This has been a long case and just goes to show you how far back insurers have been using sophisticated and non sophisticated algorithms to cut payment to doctors. I saw this in the early HMO days in California with what we called the “floating patients” on their capitation payments as doctors were always getting ripped on their payments way back. I have been there and seen that one as it’s been going on for years. All you have to do is write a little code to run or not run and bingo the parameters are set to allow and disallow in less than a second.
I had to chuckle a little bit about the lead in line to this story as we have this great discovery statement “it could be a computer modifying your health insurance claim”..well it’s being going on for years and is nothing new. Why do people still picture health care claims all manually being handled by people? I don’t know, has not been that way for years.
This case is a physicians group who sued and what’s funny is you hear United bragging all the time about their web services and software and here doctors had to sue to get it improved so we do indeed have “selective” software interest and those that make money for the company come first, such as a lot of the apps that mine and record your data so United Behavioral, a big subsidiary of the company in northern California can score and sell you all over the place and create a “behavioral profile” on you. As a matter of fact, I don’t know if they combine the scoring from the voice algorithms that record and analyze your current state on the phone or not, but could be. As you see business trends it appears the company will do these sort of analytics to sell much faster than fixing a website that doctors use for their work with the company. The claims were settled based on stats and not on patient care the article states.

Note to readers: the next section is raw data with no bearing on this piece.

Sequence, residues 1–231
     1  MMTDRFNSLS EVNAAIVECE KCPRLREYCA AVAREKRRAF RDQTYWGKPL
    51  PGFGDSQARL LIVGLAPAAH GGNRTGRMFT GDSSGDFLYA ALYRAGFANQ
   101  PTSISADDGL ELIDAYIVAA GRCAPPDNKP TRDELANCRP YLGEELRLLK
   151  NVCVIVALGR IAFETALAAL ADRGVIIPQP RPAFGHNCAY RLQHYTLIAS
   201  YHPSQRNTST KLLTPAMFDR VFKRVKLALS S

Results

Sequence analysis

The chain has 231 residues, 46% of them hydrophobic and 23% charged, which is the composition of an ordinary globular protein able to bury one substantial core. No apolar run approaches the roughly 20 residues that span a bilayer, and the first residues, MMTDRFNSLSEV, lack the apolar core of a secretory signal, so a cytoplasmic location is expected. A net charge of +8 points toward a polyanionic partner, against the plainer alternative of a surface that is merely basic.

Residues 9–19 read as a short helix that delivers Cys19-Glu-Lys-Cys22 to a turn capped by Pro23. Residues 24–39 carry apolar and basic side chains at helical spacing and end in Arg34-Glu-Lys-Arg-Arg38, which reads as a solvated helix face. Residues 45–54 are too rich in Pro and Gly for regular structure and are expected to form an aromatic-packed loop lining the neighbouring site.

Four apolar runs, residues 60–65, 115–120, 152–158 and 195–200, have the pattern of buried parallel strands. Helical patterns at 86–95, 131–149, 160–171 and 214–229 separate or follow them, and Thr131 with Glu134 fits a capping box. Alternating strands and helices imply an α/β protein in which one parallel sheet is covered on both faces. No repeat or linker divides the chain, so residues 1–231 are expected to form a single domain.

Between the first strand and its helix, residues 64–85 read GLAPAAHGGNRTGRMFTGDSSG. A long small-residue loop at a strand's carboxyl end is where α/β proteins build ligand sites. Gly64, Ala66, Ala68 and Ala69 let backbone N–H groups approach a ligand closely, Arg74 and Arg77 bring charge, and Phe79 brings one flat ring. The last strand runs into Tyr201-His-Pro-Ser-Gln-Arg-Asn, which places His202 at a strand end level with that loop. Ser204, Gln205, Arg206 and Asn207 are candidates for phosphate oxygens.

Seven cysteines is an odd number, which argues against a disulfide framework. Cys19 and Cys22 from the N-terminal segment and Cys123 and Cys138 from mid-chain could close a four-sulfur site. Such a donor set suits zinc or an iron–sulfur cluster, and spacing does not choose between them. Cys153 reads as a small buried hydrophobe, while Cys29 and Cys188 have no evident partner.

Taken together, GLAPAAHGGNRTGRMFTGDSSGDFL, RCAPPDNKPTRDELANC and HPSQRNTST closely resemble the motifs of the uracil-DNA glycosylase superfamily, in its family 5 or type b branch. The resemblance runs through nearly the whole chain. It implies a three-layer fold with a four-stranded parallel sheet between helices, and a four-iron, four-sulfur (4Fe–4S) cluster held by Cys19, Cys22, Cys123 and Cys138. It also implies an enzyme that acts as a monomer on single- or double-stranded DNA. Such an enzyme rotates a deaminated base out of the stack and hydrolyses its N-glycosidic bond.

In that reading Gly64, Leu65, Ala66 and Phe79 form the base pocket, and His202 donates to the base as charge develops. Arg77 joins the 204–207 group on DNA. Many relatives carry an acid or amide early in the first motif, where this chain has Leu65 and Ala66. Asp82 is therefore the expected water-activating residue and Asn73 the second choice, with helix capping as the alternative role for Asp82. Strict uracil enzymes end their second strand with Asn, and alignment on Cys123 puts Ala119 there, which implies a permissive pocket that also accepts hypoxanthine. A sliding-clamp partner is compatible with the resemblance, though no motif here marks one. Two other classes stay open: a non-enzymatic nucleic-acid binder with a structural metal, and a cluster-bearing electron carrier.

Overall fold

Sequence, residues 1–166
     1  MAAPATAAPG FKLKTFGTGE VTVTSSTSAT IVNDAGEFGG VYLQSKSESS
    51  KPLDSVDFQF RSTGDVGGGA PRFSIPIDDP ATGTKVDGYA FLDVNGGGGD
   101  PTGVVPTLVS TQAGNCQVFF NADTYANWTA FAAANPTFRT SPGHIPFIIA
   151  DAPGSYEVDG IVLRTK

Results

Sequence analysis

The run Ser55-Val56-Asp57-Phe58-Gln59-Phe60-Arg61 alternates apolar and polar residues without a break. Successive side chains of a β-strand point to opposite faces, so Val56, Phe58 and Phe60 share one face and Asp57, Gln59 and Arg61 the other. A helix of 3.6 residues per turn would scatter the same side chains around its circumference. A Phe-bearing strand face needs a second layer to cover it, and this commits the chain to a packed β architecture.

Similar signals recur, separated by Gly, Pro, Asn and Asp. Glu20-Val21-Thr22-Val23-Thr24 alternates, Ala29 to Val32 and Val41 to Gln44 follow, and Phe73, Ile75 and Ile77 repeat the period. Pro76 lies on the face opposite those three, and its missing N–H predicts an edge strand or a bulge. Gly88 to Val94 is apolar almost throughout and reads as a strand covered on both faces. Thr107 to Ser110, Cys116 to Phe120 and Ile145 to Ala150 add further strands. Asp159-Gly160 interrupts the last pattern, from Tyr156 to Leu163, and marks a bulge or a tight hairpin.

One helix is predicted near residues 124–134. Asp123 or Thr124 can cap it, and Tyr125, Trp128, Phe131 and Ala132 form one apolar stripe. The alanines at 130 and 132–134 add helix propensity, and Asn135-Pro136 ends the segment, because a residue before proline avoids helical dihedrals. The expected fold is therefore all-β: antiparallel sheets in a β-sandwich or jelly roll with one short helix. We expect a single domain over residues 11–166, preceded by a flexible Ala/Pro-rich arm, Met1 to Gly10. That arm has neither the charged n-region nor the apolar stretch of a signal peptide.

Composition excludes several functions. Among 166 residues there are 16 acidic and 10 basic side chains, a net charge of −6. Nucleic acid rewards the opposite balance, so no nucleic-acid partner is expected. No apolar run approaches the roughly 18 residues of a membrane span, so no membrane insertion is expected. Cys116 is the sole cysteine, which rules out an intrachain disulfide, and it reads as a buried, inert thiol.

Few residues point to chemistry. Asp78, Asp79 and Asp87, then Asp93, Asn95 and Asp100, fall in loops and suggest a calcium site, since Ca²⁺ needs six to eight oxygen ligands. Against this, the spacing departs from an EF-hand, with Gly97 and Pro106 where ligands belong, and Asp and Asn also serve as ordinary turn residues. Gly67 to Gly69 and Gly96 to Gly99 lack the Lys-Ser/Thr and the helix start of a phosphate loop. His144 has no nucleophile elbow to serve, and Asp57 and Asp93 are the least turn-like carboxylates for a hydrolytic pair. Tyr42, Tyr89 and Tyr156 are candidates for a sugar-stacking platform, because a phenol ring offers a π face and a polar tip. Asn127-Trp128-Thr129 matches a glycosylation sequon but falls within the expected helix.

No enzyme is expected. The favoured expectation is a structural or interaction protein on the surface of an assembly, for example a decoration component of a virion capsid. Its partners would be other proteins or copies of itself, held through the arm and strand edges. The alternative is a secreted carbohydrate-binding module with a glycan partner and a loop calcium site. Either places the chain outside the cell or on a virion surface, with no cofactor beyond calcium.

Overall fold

“This Call May Be Recorded for Quality Purposes”..Heck Not, Millions of Algorithms Have Been Turned Loose to Listen To and Analyze Your Voice When You Talk To Your Insurance Company As Algorithms Continue To Take Over the World…